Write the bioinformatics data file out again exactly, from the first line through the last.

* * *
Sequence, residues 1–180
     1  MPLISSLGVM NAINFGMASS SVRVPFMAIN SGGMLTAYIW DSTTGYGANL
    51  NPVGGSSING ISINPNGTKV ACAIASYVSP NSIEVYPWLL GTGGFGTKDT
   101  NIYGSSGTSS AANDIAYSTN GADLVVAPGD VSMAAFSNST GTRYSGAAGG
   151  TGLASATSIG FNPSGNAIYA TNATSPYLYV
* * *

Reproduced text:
Sequence, residues 1–180
     1  MPLISSLGVM NAINFGMASS SVRVPFMAIN SGGMLTAYIW DSTTGYGANL
    51  NPVGGSSING ISINPNGTKV ACAIASYVSP NSIEVYPWLL GTGGFGTKDT
   101  NIYGSSGTSS AANDIAYSTN GADLVVAPGD VSMAAFSNST GTRYSGAAGG
   151  TGLASATSIG FNPSGNAIYA TNATSPYLYV